Tim Powers’ fourth novel, 1983’s The Anubis Gates, is a book that I had been meaning to read for years. Chosen for inclusion in both David Pringle’s Modern Fantasy: The Hundred Best Novels and Jones & Newman’s Horror: 100 Best Books, as well as the recipient of the Philip K. Dick Memorial Award in 1984, the book came with plenty of good word of mouth, to say the least. And, as it turns out, all the ballyhoo back when was fully justified, as this really IS some kind of superb work. As John Clute puts it in the Jones & Newman volume, it is “a book which it is possible (rare praise) to love”; as Pringle writes, it is a “virtuoso performance.” I could not agree more.
In the novel, we meet a middle-aged widower named Brendan Doyle, an expert on Samuel Taylor Coleridge and the (fictional) poet William Ashbless. Doyle is asked by an eccentric millionaire who has come up with a time travel device to journey back to London in the year 1810, to attend a Coleridge lecture with a group of wealthy chrono tourists. Doyle warily agrees and — to make things brief — gets marooned in the past, where he soon becomes enmeshed in the machinations of Egyptian wizards attempting to destroy England. Powers’ way-out plot somehow manages to conflate the brainwashed “ka” of Lord Byron, a body-hopping werewolf, an underground criminal society headed by a deformed clown on stilts, a plucky young vengeance-seeking woman disguised as a man, Egyptian gods, 4″ high “Spoonsize Boys,” fire and wind elementals, the Mameluke slaughter of 1811, a menagerie of freaks, the Beatles (!) and on and on.
And just when the reader thinks this plot could not possibly get any wilder, Powers catapults Doyle back even further, to the year 1684! Indeed, there is no way for anyone to possibly guess what is coming next, in this truly zany romp of a book. Remarkably, every single page of this nearly 400-page affair boasts some startling conversation, plot twist, description or speculation. Powers has done a huge amount of historical research, and his book always has the ring of verisimilitude, despite the outrageousness of the plot.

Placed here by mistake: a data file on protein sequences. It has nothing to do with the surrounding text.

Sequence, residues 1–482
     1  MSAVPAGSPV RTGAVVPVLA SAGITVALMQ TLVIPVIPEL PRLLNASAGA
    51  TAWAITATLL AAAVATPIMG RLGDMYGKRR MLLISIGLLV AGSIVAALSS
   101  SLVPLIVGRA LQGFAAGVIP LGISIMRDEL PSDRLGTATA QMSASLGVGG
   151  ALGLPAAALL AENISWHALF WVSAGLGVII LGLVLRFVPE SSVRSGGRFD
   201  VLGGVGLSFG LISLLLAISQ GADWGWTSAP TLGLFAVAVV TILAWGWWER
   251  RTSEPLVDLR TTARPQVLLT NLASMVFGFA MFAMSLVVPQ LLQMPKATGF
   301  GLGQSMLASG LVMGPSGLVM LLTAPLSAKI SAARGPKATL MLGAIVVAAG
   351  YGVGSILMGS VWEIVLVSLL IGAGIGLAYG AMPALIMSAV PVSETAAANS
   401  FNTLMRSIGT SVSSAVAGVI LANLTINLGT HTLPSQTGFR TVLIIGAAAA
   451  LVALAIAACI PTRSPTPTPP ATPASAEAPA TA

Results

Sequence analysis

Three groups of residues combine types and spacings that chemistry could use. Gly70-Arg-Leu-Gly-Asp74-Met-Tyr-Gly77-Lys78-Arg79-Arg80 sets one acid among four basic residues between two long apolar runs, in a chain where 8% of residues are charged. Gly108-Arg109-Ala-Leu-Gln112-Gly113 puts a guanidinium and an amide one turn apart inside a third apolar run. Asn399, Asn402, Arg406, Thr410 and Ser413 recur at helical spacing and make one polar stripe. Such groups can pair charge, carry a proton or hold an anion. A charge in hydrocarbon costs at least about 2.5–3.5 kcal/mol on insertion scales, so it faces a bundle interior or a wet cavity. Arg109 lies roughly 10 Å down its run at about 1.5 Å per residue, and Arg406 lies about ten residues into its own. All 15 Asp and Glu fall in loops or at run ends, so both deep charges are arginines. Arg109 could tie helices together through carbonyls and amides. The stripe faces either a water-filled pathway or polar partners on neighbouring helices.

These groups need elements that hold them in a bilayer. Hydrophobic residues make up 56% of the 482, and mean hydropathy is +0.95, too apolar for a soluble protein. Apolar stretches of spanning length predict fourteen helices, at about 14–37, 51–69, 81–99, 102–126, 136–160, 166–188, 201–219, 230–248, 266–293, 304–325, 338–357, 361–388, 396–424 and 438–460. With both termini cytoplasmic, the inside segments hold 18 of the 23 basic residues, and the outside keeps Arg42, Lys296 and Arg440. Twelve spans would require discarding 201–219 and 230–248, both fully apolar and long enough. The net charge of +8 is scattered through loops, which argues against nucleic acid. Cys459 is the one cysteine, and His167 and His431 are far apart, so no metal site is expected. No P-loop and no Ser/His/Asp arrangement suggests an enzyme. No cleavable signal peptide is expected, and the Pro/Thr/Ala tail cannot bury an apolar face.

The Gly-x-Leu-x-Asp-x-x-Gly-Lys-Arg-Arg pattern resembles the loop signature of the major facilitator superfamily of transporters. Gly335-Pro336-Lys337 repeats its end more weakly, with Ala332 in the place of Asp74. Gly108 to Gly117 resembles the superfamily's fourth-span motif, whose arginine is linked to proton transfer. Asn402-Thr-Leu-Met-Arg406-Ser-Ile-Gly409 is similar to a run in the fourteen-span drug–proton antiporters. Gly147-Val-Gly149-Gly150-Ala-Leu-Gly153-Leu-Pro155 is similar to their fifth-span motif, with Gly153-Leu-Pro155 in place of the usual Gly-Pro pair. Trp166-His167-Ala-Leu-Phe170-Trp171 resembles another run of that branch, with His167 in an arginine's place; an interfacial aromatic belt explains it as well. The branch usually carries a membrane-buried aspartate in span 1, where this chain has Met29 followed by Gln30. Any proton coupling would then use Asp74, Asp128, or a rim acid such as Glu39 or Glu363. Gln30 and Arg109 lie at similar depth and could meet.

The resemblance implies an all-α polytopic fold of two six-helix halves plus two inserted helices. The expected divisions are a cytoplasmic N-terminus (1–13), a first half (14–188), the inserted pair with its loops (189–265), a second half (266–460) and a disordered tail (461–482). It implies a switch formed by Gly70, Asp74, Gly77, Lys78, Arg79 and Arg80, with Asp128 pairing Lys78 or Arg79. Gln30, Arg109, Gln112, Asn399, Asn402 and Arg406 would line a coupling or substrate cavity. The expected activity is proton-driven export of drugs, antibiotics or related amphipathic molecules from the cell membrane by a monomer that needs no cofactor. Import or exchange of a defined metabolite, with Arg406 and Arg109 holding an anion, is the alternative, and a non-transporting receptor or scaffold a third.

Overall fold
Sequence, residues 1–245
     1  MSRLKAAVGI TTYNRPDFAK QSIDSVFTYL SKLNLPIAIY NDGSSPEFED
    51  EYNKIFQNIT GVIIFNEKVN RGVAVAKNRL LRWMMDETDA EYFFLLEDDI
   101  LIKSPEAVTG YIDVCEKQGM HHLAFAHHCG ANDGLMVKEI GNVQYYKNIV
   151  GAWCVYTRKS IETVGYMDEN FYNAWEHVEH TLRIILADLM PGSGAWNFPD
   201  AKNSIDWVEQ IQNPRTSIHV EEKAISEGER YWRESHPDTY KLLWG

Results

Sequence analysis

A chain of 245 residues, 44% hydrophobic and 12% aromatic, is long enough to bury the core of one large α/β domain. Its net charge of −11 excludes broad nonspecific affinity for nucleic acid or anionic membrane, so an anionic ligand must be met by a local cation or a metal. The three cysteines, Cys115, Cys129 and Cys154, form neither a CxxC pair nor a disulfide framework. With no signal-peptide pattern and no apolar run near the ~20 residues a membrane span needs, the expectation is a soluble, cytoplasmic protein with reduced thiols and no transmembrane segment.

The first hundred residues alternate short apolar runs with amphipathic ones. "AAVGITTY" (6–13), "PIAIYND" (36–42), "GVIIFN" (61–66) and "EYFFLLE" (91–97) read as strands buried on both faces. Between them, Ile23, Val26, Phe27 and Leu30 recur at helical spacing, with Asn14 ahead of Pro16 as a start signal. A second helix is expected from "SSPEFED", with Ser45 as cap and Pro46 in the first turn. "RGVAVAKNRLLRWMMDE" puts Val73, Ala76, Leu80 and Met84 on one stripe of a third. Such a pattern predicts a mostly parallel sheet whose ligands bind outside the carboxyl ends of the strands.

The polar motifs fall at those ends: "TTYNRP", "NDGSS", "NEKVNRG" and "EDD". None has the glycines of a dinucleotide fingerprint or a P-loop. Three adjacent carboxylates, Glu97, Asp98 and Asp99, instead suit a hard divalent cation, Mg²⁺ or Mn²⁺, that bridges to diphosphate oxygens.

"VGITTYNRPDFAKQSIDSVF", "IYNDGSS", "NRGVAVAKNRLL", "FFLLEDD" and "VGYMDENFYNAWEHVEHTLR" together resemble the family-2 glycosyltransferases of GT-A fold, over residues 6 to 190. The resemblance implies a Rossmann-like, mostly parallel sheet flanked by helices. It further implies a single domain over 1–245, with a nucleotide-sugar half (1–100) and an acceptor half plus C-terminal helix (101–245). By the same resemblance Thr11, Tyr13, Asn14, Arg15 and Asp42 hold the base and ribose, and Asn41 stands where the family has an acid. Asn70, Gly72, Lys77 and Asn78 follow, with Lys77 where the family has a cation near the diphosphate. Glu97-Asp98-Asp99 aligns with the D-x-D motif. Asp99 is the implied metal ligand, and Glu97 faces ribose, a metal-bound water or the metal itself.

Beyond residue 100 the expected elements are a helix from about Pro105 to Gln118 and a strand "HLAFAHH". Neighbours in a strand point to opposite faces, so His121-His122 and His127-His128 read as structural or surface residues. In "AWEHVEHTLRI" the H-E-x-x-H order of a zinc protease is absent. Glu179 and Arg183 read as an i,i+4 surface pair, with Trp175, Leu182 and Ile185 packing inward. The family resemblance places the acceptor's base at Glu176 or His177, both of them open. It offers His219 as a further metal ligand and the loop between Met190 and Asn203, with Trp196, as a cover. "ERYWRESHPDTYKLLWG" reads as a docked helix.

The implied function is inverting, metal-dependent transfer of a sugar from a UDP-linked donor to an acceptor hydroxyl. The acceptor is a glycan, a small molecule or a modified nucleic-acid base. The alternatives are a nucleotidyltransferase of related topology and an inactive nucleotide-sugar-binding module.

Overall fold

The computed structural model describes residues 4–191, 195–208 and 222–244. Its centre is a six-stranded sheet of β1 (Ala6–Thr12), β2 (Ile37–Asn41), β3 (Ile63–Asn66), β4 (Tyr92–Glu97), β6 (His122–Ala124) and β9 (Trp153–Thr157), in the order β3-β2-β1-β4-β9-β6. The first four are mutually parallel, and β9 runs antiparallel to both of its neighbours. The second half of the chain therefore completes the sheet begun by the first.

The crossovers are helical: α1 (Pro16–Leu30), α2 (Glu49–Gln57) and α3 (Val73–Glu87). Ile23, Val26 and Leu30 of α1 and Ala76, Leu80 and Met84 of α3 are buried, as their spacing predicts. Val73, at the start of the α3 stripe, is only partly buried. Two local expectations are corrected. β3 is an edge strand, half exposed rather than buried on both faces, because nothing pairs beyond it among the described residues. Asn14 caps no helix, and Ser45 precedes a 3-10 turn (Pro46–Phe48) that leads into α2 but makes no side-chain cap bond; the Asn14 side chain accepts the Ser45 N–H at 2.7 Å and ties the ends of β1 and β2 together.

An originator not only of the so-called “steampunk” literary genre but also of the “secret histories” style of writing, Powers, in this book, puts forth his amusing explanations for London’s Great Fire of 1666, as well as Byron’s apparently simultaneous presences in Greece and London in the autumn of 1810. And although stories with time travel paradoxes can sometimes leave me with a headache, I found this one absolutely delightful. Let me not mince words: The Anubis Gates is a blast, from its opening scene in a London gypsy camp in 1802 to its wonderful, ironic, totally satisfying conclusion in the swamps of Woolwich. Clute was right; I really DO love this book, and indeed am in awe of it. So many wild elements mixed together, such an original and imaginative story line, and the whole thing coming together so completely and perfectly…Tim Powers must be some kind of a freakin’ genius! I’m gonna need more of this guy; possibly his 1979 novel The Drawing of the Dark, which is highly praised in Cawthorn & Moorcock’s Fantasy: The 100 Best Books….
I would like to add that The Anubis Gates is not an easy read for folks who (like me) choose to look up every historical reference or place name that they encounter. I found a London street map invaluable while reading this book, for example; it’s not necessary, of course, but sure does make for a richer, deeper experience. Thus, I was able to spot one of two flubs that Powers is guilty of in his otherwise perfect work. At one point, he tells us that Coleman Street is east of Bishopsgate Street, whereas a quick look at the map will clearly show that it is west. Powers’ other goof? When he infers on page 353 that Doyle would be attending a literary meeting at the home of renowned publisher John Murray on a Tuesday, and two pages later says it would be on a Monday. (I also find it hard to believe that the word “savvy” was being used in 1684.) Mere quibbles, of course.
For all lovers of science fiction, fantasy, horror, historical fiction and/or poetry, The Anubis Gates should prove a godsend. It is a very generous book, far more intelligent and humorous than it absolutely needs to be, and well deserving of all the accolades that it has recei ved. Oh…and I just love the inclusion of that pig Latin!